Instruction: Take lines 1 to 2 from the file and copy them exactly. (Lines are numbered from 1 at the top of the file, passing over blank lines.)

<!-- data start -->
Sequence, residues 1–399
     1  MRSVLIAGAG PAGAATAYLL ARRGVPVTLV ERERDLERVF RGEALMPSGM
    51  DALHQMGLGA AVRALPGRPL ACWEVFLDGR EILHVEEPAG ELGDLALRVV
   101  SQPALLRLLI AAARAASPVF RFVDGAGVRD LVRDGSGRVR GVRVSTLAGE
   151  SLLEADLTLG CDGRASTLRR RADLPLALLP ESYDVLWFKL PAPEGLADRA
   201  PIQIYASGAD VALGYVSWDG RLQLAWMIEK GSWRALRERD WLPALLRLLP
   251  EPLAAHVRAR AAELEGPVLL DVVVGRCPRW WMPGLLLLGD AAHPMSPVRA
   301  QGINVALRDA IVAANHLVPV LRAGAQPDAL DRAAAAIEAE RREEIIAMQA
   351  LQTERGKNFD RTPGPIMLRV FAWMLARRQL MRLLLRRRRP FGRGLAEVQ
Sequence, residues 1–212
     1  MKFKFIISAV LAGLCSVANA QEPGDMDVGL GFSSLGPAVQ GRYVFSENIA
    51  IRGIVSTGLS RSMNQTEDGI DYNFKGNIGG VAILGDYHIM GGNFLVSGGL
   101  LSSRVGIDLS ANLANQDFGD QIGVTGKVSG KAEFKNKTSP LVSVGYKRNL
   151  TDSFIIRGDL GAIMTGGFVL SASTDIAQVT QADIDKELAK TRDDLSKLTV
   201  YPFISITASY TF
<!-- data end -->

Sequence, residues 1–399
     1  MRSVLIAGAG PAGAATAYLL ARRGVPVTLV ERERDLERVF RGEALMPSGM